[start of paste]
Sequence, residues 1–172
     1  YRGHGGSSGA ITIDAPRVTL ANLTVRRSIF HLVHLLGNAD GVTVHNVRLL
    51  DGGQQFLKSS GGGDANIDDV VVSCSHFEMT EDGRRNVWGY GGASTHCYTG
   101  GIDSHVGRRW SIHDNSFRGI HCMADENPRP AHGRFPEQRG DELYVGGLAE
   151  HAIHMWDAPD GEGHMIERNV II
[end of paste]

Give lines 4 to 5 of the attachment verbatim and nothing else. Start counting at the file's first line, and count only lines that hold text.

   101  GIDSHVGRRW SIHDNSFRGI HCMADENPRP AHGRFPEQRG DELYVGGLAE
   151  HAIHMWDAPD GEGHMIERNV II